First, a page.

Roche launches uPath multislide digital pathology software

The software displays multiple types of slides alongside available patient information. (Roche)

Roche has launched its uPath enterprise software for digital pathology, billing it as an improvement in speed and performance compared to its previous version known as Ventana Virtuoso.

According to the big biotech, the workflow software offers automated image analysis and makes it easier to share cases between pathologists and request second opinions. Its development was supported by Leeds Virtual Microscope technology, which Roche acquired from the University of Leeds in the U.K. and the Leeds Teaching Hospitals NHS Trust.

uPath allows pathologists to inspect all slides in a case in a single view, alongside all available patient information. Unlike a typical microscope and glass slides, multiple digital slides appear on a canvas-like display—allowing pathologists to move between hematoxylin and eosin, immunohistochemistry, special stains and others—to help them diagnose a patient faster, Roche said.


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In addition, pathologists can aggregate notes, measurements and slide scoring into sharable images or PDFs, alongside automated and manual slide analyses markups. The virtual microscope system can also scale to display sizes ranging from laptops to high-definition wall screens.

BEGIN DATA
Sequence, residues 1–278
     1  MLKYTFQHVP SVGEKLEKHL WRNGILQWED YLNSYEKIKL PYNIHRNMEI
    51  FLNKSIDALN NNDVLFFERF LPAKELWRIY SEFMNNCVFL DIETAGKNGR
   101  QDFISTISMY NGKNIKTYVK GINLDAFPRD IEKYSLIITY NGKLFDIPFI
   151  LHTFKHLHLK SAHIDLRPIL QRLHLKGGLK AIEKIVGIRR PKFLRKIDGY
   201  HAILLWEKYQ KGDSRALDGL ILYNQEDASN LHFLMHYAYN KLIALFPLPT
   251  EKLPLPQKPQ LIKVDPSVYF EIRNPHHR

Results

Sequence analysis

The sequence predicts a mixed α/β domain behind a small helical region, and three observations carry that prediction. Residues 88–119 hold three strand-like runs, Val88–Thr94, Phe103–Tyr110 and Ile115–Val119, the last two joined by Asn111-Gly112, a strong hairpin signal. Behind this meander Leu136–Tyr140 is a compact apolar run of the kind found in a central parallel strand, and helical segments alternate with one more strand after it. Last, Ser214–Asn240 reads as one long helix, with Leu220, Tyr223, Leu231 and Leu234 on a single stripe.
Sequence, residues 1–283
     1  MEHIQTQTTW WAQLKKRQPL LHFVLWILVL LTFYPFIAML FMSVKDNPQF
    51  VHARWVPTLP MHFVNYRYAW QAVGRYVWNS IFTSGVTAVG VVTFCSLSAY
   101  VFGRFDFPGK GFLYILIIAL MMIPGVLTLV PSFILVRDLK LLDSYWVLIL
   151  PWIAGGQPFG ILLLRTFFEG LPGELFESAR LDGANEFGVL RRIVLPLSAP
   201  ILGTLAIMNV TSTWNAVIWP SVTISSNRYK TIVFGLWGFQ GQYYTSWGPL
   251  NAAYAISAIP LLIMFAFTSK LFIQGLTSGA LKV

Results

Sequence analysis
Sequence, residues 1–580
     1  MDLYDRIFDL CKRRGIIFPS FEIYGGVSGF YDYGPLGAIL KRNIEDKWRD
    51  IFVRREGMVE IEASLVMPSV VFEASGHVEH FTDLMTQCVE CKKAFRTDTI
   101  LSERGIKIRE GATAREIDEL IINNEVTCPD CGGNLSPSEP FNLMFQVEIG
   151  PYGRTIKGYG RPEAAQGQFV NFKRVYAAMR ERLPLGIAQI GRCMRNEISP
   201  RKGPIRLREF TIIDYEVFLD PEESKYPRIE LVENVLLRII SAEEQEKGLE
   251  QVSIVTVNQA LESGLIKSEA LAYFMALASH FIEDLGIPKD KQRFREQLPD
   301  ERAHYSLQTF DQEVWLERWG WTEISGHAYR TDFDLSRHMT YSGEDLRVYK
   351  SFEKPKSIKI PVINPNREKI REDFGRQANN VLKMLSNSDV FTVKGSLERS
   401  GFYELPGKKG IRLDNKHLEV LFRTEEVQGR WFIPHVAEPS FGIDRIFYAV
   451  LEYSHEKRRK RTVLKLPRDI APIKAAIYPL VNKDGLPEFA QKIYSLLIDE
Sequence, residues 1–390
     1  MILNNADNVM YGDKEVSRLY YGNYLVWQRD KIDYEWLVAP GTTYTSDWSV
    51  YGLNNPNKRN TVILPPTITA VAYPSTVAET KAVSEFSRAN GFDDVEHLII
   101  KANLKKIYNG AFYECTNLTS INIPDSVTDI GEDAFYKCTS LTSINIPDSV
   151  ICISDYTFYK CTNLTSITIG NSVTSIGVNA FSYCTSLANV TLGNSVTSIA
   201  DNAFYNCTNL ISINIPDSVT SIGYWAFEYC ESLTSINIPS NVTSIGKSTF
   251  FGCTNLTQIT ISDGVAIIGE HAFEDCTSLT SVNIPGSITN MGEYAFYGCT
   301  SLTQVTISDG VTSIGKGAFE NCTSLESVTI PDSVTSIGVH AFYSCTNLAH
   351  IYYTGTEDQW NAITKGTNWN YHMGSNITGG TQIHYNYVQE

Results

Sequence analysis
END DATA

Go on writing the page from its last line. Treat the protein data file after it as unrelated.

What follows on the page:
"With this launch, we are able to deliver an improved digital pathology experience consisting of the Ventana DP 200 slide scanner and uPath software, which are the foundation to further enrich our portfolio of automated clinical algorithms for pathologists," Jill German, head of Roche Tissue Diagnostics, said in a statement.

RELATED: Roche, GE ally to develop clinical decision support software

Last year, Roche and GE Healthcare teamed up to develop clinical decision support software, including joint-branded dashboards that collate data from in vitro diagnostics and medical scanners, starting in oncology and critical care.

That software aims to pull in equipment-generated information—including diagnostic images, pathology and genomic information, alongside patient records and research outcomes—for use in machine learning analyses.

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